I agree with your thinking. Sometimes, I also think it’s so they can get them into better schools or for appearances. OR…worse…they are living their lives thorugh their children.

Sometimes, even kids, need to be able to just stop and smell the roses.

augustlan's avatar

I have 3 children (the oldest is 14) and decided long ago that for the sanity of everyone in the family, only 1 activity per child at a time is allowed. Exceptions can be made, and sometimes things overlap, but for the most part we’ve stuck to it. The activities themselves are varied as to the interests of each child, and change as they change. As far as quitting an activity goes, if it’s not a team situation, where others are depending on your presence, we allow it. If it is a team situation, we strongly encourage them to stick it out till the end of the season/camp.

Tantigirl's avatar

I totally agree with what everyone has said. Too many children today seem to have every spare minute away from school and homework scheduled for them. My children have after school activities a couple of days during the week, however, like others here, it is what they have said they’d like to do. I refuse to overload them, I don’t think they need to have outside activities planned for them every day of the week.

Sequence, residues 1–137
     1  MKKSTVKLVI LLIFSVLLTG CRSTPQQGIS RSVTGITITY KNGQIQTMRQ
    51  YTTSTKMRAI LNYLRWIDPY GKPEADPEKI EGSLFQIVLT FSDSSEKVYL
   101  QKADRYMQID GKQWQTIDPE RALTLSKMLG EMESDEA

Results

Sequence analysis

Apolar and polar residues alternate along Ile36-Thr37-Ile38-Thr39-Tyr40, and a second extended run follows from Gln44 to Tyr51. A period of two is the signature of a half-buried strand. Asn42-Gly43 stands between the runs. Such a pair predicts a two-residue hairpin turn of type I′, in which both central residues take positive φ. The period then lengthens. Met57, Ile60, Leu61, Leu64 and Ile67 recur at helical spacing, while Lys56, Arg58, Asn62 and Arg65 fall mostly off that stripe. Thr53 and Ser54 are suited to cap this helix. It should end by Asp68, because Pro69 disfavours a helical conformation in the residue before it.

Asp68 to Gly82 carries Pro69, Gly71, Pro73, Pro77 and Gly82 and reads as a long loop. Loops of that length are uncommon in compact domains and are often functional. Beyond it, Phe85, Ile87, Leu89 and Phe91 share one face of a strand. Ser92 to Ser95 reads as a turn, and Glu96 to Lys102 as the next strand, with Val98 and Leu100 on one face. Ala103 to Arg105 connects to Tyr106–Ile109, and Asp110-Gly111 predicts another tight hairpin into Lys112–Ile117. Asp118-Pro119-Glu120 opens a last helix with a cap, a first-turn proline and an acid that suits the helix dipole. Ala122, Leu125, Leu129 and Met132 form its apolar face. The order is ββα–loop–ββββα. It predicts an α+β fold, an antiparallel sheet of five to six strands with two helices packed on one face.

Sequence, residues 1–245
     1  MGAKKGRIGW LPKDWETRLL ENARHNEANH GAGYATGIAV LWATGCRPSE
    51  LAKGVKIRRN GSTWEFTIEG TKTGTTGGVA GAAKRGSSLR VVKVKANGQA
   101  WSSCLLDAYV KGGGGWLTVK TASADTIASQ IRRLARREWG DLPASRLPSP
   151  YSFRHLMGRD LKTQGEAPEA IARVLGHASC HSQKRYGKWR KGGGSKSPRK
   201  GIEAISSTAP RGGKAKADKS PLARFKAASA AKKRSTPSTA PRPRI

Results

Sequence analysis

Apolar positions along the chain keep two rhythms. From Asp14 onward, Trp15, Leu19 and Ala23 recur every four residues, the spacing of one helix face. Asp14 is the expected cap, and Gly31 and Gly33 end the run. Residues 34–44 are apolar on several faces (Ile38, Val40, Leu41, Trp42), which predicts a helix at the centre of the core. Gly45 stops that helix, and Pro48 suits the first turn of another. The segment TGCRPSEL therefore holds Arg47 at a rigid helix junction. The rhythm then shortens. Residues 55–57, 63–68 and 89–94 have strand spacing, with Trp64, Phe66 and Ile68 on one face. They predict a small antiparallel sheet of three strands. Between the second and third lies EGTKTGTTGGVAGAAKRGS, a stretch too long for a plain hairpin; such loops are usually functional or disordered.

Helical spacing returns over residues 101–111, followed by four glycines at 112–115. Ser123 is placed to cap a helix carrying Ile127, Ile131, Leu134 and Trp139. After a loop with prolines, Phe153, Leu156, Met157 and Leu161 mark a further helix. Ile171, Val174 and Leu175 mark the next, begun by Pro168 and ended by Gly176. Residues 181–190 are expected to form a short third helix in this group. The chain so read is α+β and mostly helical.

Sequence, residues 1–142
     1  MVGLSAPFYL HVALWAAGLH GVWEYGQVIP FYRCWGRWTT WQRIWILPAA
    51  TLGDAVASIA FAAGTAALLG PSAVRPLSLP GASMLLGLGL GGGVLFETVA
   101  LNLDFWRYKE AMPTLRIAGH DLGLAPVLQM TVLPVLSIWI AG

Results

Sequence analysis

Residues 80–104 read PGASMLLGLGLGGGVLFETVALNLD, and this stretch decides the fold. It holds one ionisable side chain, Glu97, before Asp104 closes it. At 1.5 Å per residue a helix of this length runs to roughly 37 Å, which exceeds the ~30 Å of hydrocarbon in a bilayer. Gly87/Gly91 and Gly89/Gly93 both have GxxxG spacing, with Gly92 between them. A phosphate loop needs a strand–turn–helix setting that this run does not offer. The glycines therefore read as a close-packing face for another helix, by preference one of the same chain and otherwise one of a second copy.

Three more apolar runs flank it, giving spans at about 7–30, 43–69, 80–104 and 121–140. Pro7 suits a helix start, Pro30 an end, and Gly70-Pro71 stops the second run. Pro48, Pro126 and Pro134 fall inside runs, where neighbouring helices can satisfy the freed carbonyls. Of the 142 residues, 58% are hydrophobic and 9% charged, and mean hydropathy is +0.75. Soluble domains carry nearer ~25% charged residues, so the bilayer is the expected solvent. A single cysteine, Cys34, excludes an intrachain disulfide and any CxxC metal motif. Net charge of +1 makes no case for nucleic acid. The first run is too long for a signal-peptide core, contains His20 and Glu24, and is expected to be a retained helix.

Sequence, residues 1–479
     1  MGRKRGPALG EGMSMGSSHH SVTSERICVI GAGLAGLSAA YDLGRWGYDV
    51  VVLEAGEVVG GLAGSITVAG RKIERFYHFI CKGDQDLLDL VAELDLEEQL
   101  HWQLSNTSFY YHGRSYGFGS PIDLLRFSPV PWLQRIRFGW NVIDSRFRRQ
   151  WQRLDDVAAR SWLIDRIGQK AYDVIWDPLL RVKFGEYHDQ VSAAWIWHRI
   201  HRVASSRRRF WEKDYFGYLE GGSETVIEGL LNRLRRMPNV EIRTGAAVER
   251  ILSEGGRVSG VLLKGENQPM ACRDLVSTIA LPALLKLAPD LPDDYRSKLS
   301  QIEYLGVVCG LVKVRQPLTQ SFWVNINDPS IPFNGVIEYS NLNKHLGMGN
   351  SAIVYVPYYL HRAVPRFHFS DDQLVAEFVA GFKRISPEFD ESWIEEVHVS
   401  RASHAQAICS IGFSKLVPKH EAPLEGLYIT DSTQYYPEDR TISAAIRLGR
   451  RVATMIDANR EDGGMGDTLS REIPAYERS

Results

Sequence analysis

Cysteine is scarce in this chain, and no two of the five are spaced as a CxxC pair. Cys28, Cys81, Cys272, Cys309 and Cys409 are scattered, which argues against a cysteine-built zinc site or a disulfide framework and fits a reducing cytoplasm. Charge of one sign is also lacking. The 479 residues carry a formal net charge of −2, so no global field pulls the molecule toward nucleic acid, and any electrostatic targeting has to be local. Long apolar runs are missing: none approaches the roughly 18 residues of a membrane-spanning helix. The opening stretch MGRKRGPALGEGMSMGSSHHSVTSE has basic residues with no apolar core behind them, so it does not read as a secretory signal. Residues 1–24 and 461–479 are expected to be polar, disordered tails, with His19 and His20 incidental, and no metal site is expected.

In a way, I like it when they say they are bored, because it means that, again, they can find something that they want to do to entertain themselves. They know that there is time to play, go to the movies, and in my teen daughter’s case, hang out with friends. Both of my kids love to read, and I want them to be able to take the time to pick up their favourite book and enjoy it. My daughter will ask if she can do some baking, or she will ask if she can choose a meal that she can cook for us for dinner. She often includes her 7 year old brother in this too, which he enjoys enormously.